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Ben Carson Officially Suspends Presidential Campaign At CPAC


A day after a contentious debate among Republican presidential candidates, now party stalwarts are meeting in Washington. It's the annual Conservative Political Action Conference known as CPAC, normally where political candidates go to rally supporters. One candidate who won't be there though is Donald Trump. He was supposed to address the group tomorrow. Instead, he announced today that he will be campaigning in Kansas instead. Another candidate who was there was Ben Carson, and he made it official that he is out of the race. Watching all of this was NPR's Sarah McCammon. And she is with us now. And Sarah, let us start with this news. Ben Carson is out of the race. He made that clear today, yes?

SARAH MCCAMMON, BYLINE: Yeah, and we kind of knew this was coming. You know, after his poor performance on Super Tuesday, he said he didn't see a path to the nomination. Here's what he had to say today.


BEN CARSON: Even though I might be leaving the campaign - you know, there's a lot of people who love me. They just won't vote for me, but it's OK...


MCCAMMON: Then the crowd gave him a standing ovation. And, you know, this is a very conservative crowd, so Ben Carson's popular here.

MCEVERS: Right. Is he endorsing anyone now that he's out of the race?

MCCAMMON: He did not come out and say who to endorse, Kelly. But, you know, he said he'd heard from some of his supporters that they won't vote for anyone but him. He said that's a mistake. Not voting is a vote for the other side. And he said in particular, he fears Hillary Clinton becoming president and getting to pick the next round of Supreme Court justices. Here's what he had to say about that.


CARSON: She's going to get two to four Supreme Court picks. Now, that is - that's going to I think the future for our children, our grandchildren, all of our progeny. I think that's just as bad as taking a knife and stabbing them with it - think about that. So let's not do that.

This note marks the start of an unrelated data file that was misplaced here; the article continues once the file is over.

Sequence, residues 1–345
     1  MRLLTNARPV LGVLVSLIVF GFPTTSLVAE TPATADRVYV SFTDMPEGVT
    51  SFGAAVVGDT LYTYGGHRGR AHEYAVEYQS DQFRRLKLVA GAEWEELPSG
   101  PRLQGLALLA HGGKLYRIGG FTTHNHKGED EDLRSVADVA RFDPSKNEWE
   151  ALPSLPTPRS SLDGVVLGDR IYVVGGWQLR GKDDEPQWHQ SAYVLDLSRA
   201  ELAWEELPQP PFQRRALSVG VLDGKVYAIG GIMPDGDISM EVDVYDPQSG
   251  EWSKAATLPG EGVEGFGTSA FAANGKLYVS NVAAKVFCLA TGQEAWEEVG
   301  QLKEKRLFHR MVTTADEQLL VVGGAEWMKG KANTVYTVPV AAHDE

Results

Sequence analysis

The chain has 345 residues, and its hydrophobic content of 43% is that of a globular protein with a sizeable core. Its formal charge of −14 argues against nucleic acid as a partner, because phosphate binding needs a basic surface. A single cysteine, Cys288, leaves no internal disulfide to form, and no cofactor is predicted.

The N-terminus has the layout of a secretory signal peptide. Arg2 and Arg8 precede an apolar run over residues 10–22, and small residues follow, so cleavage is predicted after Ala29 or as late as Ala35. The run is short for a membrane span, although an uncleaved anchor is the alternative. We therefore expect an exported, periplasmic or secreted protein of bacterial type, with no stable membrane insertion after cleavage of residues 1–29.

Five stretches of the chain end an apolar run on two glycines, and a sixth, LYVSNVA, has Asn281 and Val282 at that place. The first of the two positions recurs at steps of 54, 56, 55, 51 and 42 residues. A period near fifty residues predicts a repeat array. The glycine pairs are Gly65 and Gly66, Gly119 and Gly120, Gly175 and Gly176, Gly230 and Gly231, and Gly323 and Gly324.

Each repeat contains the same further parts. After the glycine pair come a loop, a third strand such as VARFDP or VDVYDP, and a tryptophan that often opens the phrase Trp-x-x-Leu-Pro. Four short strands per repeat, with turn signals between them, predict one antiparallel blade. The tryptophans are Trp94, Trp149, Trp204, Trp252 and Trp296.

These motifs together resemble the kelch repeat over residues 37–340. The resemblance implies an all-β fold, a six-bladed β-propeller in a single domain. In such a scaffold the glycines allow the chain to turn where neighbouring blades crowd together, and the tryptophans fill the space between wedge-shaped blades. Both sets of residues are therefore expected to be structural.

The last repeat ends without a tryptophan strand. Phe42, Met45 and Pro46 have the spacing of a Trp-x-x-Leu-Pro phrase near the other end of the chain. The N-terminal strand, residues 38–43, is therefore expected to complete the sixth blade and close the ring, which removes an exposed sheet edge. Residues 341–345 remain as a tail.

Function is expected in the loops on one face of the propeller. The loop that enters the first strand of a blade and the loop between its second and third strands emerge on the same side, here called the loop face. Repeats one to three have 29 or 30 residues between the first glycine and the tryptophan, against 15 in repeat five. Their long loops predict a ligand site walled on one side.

MCCAMMON: Some strong words there from Ben Carson indicating that he thinks conservatives should still vote even though he's not in the race and vote for a Republican. He's just not saying who.

MCEVERS: And so we said, Donald Trump has decided to skip CPAC. What's your sense of why he did that, and how are folks there reacting to it?

MCCAMMON: You know, this is a very conservative crowd. It's not really representative of the wider GOP and not the kind of place where Trump is especially popular. There was talk of walkouts during his speech. People told me they were disappointed that he's skipping the event, and a lot of people said they were really put off by Trump's debate performance last night - some of the off-color language and crude remarks.

ELISE YOST: That was shocking and weird. I wish the debates weren't like that. I wish they were more mature, I guess you could say.

TOM GRAHAM: I thought it was a little bit crazy. I watched it in a bar, and when I got done, I drank heavily.

MCCAMMON: So we just heard from Elise Yost, a college student from Wisconsin, and Tom Graham from Leavenworth, Kan. Graham told me though - you know, he pointed out that he thinks Trump didn't come because he likes to be in control of the situation and doesn't want to face a crowd of conservative activists.

MCEVERS: All right, so we've talked about Ben Carson, who is out, and Donald Trump, who is in first but not coming to the conference. What about the man who's in second place, Ted Cruz? What did he have to say there?

MCCAMMON: He got a huge reception from the crowd. I mean, this is his crowd - lots of libertarians and some religious conservatives. And he went after Trump for not showing up. Here's what he said.


TED CRUZ: So Donald Trump is skipping CPAC.


CRUZ: I think somebody told him Megyn Kelly was going to be here.


CRUZ: Or even worse, he was told there were conservatives that were going to be here.


CRUZ: Or even worse, he was told there were libertarians that were going to be here.

MCCAMMON: Of course, Megyn Kelly is the Fox News host that Trump has tangled with before. But Cruz wasn't just targeting Trump. He's also going after Marco Rubio. And Cruz said from the stage that this talk of a brokered convention that's been going on is just the establishment being unhappy that their golden children haven't been chosen. Cruz is staying on the offensive. His campaign has just opened up 10 more offices in Rubio's home state of Florida, which is of course where 99 delegates are at stake on March 15.

MCEVERS: That was NPR political reporter Sarah McCammon. Thanks so much.

MCCAMMON: Thank you. Transcript provided by NPR, Copyright NPR.

Sarah McCammon worked for Iowa Public Radio as Morning Edition Host from January 2010 until December 2013.
Sarah McCammon
Sarah McCammon is a National Correspondent covering the Mid-Atlantic and Southeast for NPR. Her work focuses on political, social and cultural divides in America, including abortion and reproductive rights, and the intersections of politics and religion. She's also a frequent guest host for NPR news magazines, podcasts and special coverage.